What’s Killing the Whales?

By Paul Rauber, Sierra Club

The vultures circling overhead signaled that something was amiss on Limantour beach at Northern California’s Point Reyes National Seashore. First we saw a hunk of baleen the size of an ice chest. Further up the beach, the carrion eaters scattered as we came upon the carcass of a small, much decayed gray whale. There wasn’t much left to eat anyway—the whale had been there for nearly a week, and a necropsy by a team from the Marine Mammal Center had determined that it had died of malnutrition.

“We’re always looking for anything to give an indication of why the animal stranded,” says Shawn Johnson, the center’s director of veterinary medicine. “Evidence of entanglement, sever trauma from getting hit by a ship, degree of emaciation. There’s a certain shape a nice fat whale has, but sometimes in an emaciated whale the head appears bigger—they call it a peanut head shape. The Limantour whale died at sea, and then a ship hit it, causing large wounds.”

The dead whale my vacationing family and I stumbled upon in early May was one of 70 found along the West Coast thus far this year—37 in California, 3 in Oregon, 25 in Washington, and 5 in Alaska, the most since 2000. (Another whale washed up dead on the same beach a few weeks later.) According to John Calambokidis, a research biologist at the Olympia, Washington, Cascadia Research Collective, the stranded whales may represent as little as 10 percent of those that have died as they migrate up from their wintering grounds in Mexico to Arctic waters. “Most whales—especially emaciated whales—tend to sink when dead,” he says.

While the northward migration is winding down in California, stressed whales are still making their way up the Pacific coast. The last time a similar die-off occurred, says Calambokidis, was in the 1999-2000 season, and then only half of the total deaths had been recorded by this point in the year.

The large number of dead whales led the National Oceanic and Atmospheric Administration (NOAA) to declare an “unusual mortality event,” a designation that triggers a wide-ranging investigation to determine—if possible—the cause. No such determination could be made in the 1999-2000 event, says Sue Moore, a biological oceanographer at the University of Washington. “It was very difficult to get to the whales in a timely fashion,” she says. “We couldn’t always get the samples one would need.” Fewer than 10 whales were necropsied then, while this year—thanks in part to improved networking of researchers, and to the fact that many strandings have taken place in easily accessible places like the San Francisco Bay Area—samples have been obtained from more than 20.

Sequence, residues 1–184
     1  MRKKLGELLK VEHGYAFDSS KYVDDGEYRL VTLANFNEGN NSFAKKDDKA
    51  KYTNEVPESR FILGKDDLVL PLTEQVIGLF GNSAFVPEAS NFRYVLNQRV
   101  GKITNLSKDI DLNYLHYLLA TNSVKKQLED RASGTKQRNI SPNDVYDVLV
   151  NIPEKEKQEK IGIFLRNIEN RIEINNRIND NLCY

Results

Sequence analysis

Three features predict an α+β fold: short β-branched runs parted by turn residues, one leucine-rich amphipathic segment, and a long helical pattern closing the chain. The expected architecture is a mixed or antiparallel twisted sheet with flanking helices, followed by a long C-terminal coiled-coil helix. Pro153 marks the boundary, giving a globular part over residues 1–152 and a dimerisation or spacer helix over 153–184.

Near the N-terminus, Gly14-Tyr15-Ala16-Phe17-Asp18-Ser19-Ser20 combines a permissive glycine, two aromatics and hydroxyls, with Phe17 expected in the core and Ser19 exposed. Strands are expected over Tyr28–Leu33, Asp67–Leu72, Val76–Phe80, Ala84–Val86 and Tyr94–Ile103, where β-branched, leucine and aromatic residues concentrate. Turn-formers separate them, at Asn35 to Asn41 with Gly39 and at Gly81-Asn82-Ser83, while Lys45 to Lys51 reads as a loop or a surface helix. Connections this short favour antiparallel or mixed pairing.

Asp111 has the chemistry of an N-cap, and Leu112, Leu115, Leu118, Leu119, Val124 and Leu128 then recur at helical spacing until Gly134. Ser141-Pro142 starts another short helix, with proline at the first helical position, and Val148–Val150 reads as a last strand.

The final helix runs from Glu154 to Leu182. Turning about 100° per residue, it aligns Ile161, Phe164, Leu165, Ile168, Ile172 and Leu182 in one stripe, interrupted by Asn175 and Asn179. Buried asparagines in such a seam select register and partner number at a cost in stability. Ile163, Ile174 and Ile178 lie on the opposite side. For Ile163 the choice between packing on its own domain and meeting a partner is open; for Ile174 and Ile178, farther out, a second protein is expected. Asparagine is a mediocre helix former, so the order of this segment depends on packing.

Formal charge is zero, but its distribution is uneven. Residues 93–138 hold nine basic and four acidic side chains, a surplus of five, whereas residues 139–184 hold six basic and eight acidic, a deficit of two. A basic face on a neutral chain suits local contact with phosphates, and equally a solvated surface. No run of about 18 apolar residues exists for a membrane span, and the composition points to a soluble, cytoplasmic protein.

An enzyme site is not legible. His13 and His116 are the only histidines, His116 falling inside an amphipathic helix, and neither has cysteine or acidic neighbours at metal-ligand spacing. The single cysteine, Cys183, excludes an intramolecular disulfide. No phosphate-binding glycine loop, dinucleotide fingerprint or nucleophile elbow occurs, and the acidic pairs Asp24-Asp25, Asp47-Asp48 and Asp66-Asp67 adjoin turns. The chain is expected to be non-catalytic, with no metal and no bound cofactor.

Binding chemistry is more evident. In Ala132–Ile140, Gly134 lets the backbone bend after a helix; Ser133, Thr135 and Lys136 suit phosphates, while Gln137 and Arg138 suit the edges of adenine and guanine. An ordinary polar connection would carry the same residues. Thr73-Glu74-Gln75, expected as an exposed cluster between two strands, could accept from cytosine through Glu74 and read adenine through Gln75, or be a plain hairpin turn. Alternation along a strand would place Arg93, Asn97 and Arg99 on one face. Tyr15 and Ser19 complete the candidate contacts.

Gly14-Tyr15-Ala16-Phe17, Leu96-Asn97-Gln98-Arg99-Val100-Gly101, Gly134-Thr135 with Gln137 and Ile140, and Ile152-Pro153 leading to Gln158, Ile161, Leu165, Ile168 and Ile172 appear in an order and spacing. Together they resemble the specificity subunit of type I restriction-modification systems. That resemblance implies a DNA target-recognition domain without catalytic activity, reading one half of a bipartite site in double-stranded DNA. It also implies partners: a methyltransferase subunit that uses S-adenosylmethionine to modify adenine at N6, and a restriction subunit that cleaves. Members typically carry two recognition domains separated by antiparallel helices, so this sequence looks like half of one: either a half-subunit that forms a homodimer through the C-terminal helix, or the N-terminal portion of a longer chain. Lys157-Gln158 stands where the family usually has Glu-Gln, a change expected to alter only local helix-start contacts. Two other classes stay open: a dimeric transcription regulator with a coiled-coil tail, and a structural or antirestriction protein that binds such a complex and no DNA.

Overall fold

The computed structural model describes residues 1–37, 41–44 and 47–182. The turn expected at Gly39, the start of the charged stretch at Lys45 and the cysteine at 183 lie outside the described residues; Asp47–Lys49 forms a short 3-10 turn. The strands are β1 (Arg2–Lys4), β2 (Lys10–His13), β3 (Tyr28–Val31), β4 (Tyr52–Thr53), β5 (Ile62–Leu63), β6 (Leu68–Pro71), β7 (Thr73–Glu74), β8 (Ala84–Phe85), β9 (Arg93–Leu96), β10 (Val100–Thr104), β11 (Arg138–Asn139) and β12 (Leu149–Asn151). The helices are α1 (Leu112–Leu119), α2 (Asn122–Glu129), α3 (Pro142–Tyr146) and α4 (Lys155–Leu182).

So what’s killing the whales? One possible culprit is ship strikes, although voluntary speed restrictions by large vessels moving through marine mammal protected areas have reduced the number over earlier years. “It’s still too many,” says Johnson. “The more we can find ways to reduce the number of whales struck is good for everybody.”

Another possibility is that whale numbers have simply exceeded their carrying capacity. NOAA estimates the number of eastern North Pacific gray whales at 27,000, the highest since population surveys started in 1967. It’s possible, says Dave Weller, a research wildlife biologist with NOAA’s Southwest Fisheries Science Center in La Jolla, California, that that’s as many as the environment is able to sustain. But carrying capacity, he cautions, “is not a hard ceiling but a shifting threshold. In some years the environment is capable of supporting more whales than in other years.”

A rapidly warming Arctic is a likely candidate for decreasing the number of whales the Pacific environment can support. This year’s malnourished stranded whales, says Weller, “are possibly related to poor feeding or feeding conditions during the 2018 summer/fall season.” Gray whales migrate south in November or December, so by May and June of the next year they have reached what he calls “peak nutritional stress.”

One mystery is that in prior years, feeding stress in whales has been linked to late retreat of sea ice, but in the abnormally warm recent years the ice is retreating earlier, not later. “That relationship has broken down in the past few years,” says Weller.  “Something has changed, which we’re trying to track.”

The results of the NOAA study, however, may not be available for six months to a year or more. Meanwhile, Arctic waters continue to be abnormally warm, with sea-ice extent at the second lowest point in 40 years of satellite records.

Originally posted here.